Yes, I used only my own words. I explained without a single quote the superstitions. I thought I had plagiarized because I didn't say something like, On page 42, Jim gets bitten by a rattlesnake and Huck thinks that that will bring bad luck. Instead, I just said something like, At one point, Jim gets bitten by a rattlesnake, blah blah blah.

Update 2:

How could I prove I didn't plagiarize? It's kind of hard to prove something that went on in my head without looking like I'm lying.

3 Answers

Relevance
  • 8 years ago
    Favorite Answer

    Of course she didn't let you see your papers so you'd know whether she flagged them. When something like this happens, you always get some people confessing whom you didn't realize had cheated. So letting people know that they're off the hook means rewarding some people for cheating.

    Did you ever use any kind of commentary on the book? Spark Notes? An essay you found online? A book that discussed Twain's writing in depth?

    If not, I think you're probably safe.

    Plagiarism is

    1. using a direct quote from some other writer without enclosing it in quotation marks or using a block quotation *and* correctly citing it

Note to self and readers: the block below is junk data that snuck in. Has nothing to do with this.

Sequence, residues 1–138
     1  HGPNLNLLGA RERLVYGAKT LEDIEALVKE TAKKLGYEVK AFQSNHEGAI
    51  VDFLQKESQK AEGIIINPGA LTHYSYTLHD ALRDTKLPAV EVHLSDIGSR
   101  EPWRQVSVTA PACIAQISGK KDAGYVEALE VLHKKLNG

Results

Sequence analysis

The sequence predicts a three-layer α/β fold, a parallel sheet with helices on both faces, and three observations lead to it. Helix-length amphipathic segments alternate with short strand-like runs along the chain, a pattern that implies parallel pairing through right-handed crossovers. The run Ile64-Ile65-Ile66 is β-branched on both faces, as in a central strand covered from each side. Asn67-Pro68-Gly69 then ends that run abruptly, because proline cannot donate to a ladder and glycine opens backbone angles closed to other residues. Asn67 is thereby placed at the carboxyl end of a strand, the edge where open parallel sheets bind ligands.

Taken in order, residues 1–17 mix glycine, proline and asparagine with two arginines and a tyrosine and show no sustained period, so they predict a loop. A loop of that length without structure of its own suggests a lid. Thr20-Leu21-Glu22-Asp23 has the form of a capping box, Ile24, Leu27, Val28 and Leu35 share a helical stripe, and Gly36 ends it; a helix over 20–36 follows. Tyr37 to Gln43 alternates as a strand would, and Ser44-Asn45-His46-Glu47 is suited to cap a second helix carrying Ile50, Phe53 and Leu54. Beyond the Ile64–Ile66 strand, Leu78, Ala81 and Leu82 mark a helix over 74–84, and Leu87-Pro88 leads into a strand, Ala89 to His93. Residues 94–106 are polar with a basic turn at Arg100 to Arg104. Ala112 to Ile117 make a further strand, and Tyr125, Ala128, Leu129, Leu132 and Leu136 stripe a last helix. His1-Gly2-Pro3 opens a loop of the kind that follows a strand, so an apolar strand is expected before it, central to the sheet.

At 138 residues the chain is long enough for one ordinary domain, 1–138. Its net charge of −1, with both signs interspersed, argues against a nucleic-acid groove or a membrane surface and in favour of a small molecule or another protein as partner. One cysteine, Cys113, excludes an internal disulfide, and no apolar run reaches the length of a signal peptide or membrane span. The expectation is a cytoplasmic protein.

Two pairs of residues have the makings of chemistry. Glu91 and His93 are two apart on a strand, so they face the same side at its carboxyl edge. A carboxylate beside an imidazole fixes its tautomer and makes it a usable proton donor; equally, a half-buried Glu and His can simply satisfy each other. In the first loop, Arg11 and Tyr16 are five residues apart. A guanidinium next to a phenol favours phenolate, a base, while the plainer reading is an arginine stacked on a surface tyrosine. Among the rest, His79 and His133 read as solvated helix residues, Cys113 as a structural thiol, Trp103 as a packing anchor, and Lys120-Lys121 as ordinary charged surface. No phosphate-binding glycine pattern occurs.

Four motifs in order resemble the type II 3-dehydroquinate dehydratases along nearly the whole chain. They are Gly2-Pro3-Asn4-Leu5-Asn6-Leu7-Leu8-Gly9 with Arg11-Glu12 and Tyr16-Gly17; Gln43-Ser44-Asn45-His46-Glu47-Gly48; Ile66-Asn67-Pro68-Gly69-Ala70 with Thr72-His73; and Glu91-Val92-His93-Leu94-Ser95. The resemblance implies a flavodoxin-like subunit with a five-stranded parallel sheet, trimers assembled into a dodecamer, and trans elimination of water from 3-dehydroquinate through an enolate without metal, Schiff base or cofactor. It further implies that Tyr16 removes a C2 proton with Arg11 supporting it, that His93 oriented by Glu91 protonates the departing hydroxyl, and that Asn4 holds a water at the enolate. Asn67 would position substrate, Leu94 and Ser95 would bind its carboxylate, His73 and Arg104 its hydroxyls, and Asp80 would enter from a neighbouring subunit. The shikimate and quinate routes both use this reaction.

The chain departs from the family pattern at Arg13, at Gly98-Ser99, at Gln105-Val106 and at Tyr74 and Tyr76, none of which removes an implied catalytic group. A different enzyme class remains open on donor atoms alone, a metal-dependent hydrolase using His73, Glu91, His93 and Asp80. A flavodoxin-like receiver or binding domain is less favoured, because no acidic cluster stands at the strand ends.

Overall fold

2. failing to paraphrase correctly (copying and pasting and then changing words and switching sentences around is not adequate paraphrasing)

    3. using facts or ideas or arguments, etc., that you got from someone else without correctly citing them

    4. using information that is not common knowledge (a good rule of thumb is that if you aren't sure all students at your level who have not taken the class you're taking know it, it's not common knowledge), even if you happened to already know it, without locating and using a reliable source for it, and correctly citing that source

    Many students believe that only the first type is plagiarism (I'm not sure where I got this idea), but they are wrong.

    As far as I can tell, you're worried about there being someone out there who used the same wording as you did, in a case where it would be unlikely that many people would end up with the same wording, or else there being someone out there who wrote an essay you could locate in which they dealt with the same superstitions you did and said much the same things as you did, again in a way that would be unlikely to happen by accident.

    If you didn't even look at other people's work on the same subject, it's unlikely that your work will appear plagiarized. If you did look at someone else's work, though, but just didn't have it in front of you when you were doing your work and didn't go through to make sure you cited anything that the other person used, then there's a decent chance that it will appear plagiarized.